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Reading and writing files in chunks?

    Question

  • Hi all, been looking all over these forums but can't seem to find any answers that apply exactly to what I need to do. I'm encrypting/decrypting very large files with my app and I need a way of doing this without reading the entire file into memory all at once.

    Something along the lines of this (obviously fake) pseudo-code:

    StorageFile unencryptedFile = await ApplicationData.Current.LocalFolder.GetFileAsync("test.mov");
    StorageFile encryptedFile = await ApplicationData.Current.LocalFolder.CreateFileAsync("test-encrypted.mov");
    
    uint position = 0;
    uint chunkSize = 50000000;
    
    while (true) {
        byte[] unencryptedChunk = unencryptedFile.ReadBytes(position,chunkSize);
    
        if (unencryptedChunk.Length == 0) {
            break;
        }
    
        byte[] encryptedChunk = Encryptor.Encrypt(unencryptedChunk);
    
        encryptedFile.AppendBytes(encryptedChunk);
    
        position += chunkSize;
    }

    Obviously most of those methods don't exists, but hopefully it gets across the point of what I'm trying to do...?


    • Edited by Andrew Ewert Saturday, March 29, 2014 10:43 PM code edit
    Saturday, March 29, 2014 10:42 PM

Answers

  • The StoregeFile is not open yet.  It's just information about the file.  It has methods to open the file, then you can use the it.  eg

                var readStream = unencryptedFile.OpenSequentialReadAsync().GetResults().AsStreamForRead();

    Will open the file and give you a standard .NET Stream over the file contents.

    David


    David http://blogs.msdn.com/b/dbrowne/


    Sunday, March 30, 2014 1:47 AM
  • Yes, you certainly can.

    For example:

     public Stream GetDecryptedStream(Stream encrypted, byte[] Key, byte[] IV)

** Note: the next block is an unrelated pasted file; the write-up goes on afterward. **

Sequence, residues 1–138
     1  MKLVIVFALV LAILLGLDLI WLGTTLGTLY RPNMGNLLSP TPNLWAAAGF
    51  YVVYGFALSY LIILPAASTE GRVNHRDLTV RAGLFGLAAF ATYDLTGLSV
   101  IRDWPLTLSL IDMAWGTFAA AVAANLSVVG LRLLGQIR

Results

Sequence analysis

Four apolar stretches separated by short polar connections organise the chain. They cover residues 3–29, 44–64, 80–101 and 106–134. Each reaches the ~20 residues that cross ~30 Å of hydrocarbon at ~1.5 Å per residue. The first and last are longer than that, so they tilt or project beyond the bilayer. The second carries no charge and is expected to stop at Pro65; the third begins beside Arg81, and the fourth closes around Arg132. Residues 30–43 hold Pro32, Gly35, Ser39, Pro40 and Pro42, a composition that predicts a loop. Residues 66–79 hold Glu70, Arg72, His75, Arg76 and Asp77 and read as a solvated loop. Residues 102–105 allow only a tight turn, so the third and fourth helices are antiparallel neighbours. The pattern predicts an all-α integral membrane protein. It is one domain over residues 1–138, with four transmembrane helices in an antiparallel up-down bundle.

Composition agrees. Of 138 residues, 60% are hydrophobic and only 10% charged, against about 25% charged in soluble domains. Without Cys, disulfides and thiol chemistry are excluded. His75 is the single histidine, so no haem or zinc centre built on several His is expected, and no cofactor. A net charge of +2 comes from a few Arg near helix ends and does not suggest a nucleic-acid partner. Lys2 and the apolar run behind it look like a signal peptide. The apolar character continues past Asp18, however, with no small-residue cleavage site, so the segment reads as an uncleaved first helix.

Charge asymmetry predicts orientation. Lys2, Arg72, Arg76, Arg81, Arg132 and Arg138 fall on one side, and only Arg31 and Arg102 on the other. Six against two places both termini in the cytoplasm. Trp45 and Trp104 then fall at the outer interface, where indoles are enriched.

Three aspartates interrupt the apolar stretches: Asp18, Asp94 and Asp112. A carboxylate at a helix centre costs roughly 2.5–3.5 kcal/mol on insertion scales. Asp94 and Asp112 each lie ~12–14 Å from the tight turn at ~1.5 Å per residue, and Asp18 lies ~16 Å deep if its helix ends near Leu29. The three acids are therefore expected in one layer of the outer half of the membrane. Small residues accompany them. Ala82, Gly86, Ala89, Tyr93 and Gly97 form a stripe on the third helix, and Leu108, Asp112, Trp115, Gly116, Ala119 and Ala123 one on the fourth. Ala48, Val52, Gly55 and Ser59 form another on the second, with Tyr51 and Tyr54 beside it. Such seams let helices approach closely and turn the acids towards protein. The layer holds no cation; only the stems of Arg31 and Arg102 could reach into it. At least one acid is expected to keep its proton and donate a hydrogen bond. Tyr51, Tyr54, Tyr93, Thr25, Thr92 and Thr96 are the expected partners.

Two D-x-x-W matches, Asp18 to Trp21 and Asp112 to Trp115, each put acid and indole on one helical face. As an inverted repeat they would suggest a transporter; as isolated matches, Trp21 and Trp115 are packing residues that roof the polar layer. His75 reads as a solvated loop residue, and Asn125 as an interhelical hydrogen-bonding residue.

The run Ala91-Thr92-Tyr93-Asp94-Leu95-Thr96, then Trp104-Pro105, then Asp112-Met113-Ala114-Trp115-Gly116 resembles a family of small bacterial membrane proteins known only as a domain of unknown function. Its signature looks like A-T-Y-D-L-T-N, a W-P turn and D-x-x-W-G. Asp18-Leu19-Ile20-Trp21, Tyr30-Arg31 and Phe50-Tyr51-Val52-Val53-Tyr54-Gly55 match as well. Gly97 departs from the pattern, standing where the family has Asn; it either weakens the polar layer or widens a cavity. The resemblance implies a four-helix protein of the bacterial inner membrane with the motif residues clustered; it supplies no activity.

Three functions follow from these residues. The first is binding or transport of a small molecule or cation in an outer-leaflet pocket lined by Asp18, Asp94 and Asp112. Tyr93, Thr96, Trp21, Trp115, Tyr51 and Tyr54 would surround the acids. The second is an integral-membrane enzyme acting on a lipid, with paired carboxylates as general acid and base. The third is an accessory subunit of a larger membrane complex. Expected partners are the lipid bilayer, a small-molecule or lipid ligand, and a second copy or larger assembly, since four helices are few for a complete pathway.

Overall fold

{
                SymmetricKeyAlgorithmProvider skap = SymmetricKeyAlgorithmProvider.OpenAlgorithm(SymmetricAlgorithmNames.TripleDesCbcPkcs7);
    
                CryptographicKey key = skap.CreateSymmetricKey(CryptographicBuffer.CreateFromByteArray(Key));
                IBuffer decrypted = CryptographicEngine.Decrypt(key, encrypted.GetWindowsRuntimeBuffer(), CryptographicBuffer.CreateFromByteArray(IV));
    
                return decrypted.AsStream();
            }

    Sets up a stream that reads an encrypted StorageFile's stream and returns a decrypted form that another library can use.

    If you use the returned stream and do this:

    Stream s = GetDecryptedStream(...);
    
    s.CopyTo(outputStream);
    

    ... it will do it using a small memory buffer, and automatically.

    The same goes with Encryption, just in reverse.


    Darin R.

    Monday, March 31, 2014 4:24 PM

All replies

  • The StoregeFile is not open yet.  It's just information about the file.  It has methods to open the file, then you can use the it.  eg

                var readStream = unencryptedFile.OpenSequentialReadAsync().GetResults().AsStreamForRead();

    Will open the file and give you a standard .NET Stream over the file contents.

    David


    David http://blogs.msdn.com/b/dbrowne/


    Sunday, March 30, 2014 1:47 AM
  • Yes, you certainly can.

    For example:

     public Stream GetDecryptedStream(Stream encrypted, byte[] Key, byte[] IV)
            {
                SymmetricKeyAlgorithmProvider skap = SymmetricKeyAlgorithmProvider.OpenAlgorithm(SymmetricAlgorithmNames.TripleDesCbcPkcs7);
    
                CryptographicKey key = skap.CreateSymmetricKey(CryptographicBuffer.CreateFromByteArray(Key));
                IBuffer decrypted = CryptographicEngine.Decrypt(key, encrypted.GetWindowsRuntimeBuffer(), CryptographicBuffer.CreateFromByteArray(IV));
    
                return decrypted.AsStream();
            }

    Sets up a stream that reads an encrypted StorageFile's stream and returns a decrypted form that another library can use.

    If you use the returned stream and do this:

    Stream s = GetDecryptedStream(...);
    
    s.CopyTo(outputStream);
    

    ... it will do it using a small memory buffer, and automatically.

    The same goes with Encryption, just in reverse.


    Darin R.

    Monday, March 31, 2014 4:24 PM